In the summer of 2017, I convinced my then 9-year-old daughter to attend a jungle camp that went by the brand name Youreka Nature Camps. They would take her and others her age on a five-day adventure to Junga, a little-known place in the pristine Himalayas. All in all, an absolute bliss. However, there was a worrisome part that she would be with total strangers without talking to me even once during the entire duration. It was natural as a mother of a solo child to feel anxious about such a thing, but children are different. With peers, fun, frolic, ghost stories and shared confectioneries, who remembers parents anyway. She was going to be much more than just a phone call away. Besides regulating my irresistible urges to reach out to her every now and then, there was one more silver lining to this forced separation. Over the next few days, Youreka sent me an evening SMS everyday recapping the daily shenanigans of the kid gang without singling out my daughter. If they were not specifically calling me for her, it meant good news. With their team of experts and child-friendly instructors, they worked very hard to deliver to me, no news. Because according to them, no news was good news.
Now what is in this incident for us as corporate communicators, fire fighters and crisis handlers? Have you ever felt the pangs of not being in the news? Do you feel the need to justify your role because you did not get a mention in a corporate birthday party article for best place to work? Do you feel the need to tom-tom every obscure award win to everyone who cares to listen? Then I am with you. Penning down this note does not mean that I am already over the occasional paranoia of out of sight, out of mind, but I am getting there. Slowly.
I vividly remember the recruiters’ favorite question while hiring for a PR role. This “prove yourself” question, by the way, still has its stronghold. Despite fanciful role-playing interviewer and interviewee before the interview, I dreaded hearing “So how will you prove your value to the business?” And I would be utterly baffled. Naively enough, I assumed that hiring for that role meant that the business understood the relevance of PR. As a natural reflex defense mechanism, I would start hard-selling PR and the importance of incomprehensible metrics to prove our “take home” to the big boss. Very soon, I would inadvertently launch myself into proving the validity of advertising value equivalents (AVEs) and the more modern “impact assessment” frameworks to justify “why PR people should also get paid.” That as soon as I join, the consequently soaring AVEs and other overblown metrics due to my extra pushiness would somehow prove my awesomeness and value.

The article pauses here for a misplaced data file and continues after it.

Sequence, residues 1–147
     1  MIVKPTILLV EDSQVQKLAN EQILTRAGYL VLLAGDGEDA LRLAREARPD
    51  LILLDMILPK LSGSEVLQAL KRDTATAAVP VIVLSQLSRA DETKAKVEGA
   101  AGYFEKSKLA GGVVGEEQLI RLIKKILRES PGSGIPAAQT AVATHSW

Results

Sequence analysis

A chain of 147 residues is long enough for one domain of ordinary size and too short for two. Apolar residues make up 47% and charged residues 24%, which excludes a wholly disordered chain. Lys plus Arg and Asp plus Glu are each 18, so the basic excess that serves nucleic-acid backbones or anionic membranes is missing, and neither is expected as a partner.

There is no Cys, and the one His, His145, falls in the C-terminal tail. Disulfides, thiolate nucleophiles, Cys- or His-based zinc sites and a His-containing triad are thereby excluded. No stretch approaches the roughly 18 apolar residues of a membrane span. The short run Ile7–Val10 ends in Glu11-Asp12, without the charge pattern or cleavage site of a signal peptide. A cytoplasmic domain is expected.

If you’ve ever been a party to a performance review meeting, you know what I’m talking about. These are the ones where graphs and bar charts are deployed alongside bygone digital newspaper cuttings to assess our contribution to the business. We condense our hard work into a few slides and bullet points to prove ourselves. Yet again.
If you also work for an accident-prone business, you know how the typical mornings, noon, after noons, and nights go. A miss, a slip, an unforeseen turn of events for fault or no fault of ours can magically blow out of proportion. That ensuing organic coverage plastered across digital and print editions my friend, bring prayers on our lips, tears in our eyes, and throw our plans out of whack. Once again, we set about defending our “take home” as passionately as we can. Sometimes there are interspersed days with pleasant mornings where news alerts have nothing to do with us or ours so we can carry about our plans and business as usual. The days of no crisis. No news. No coverage. Nowhere. None whatsoever. Crisis averted.
“Crisis communication” finds an honorable mention in the curriculum vitae of most bona fide PR professionals including me. In all honesty, communicating during a crisis is neither easy nor exciting. What is however more exciting and practical is to work very diligently towards a “no news” realised state of PR enlightenment. That definitely takes better planning, solid relationships, foolproof governance and compliances and above all, consistent tracking and daily routines. Now on AVEs, hopefully someday we will learn to absolve ourselves of the wrongdoing of having to turn down a great story on fire drills at work or extolling the relevance and cuteness of a popular actor who just endorsed our products. For all the work that we do behind the scenes which does not get condensed into those projected graphs and bar charts, let us give ourselves a little pat on our back, and remind ourselves “no news is good news.”
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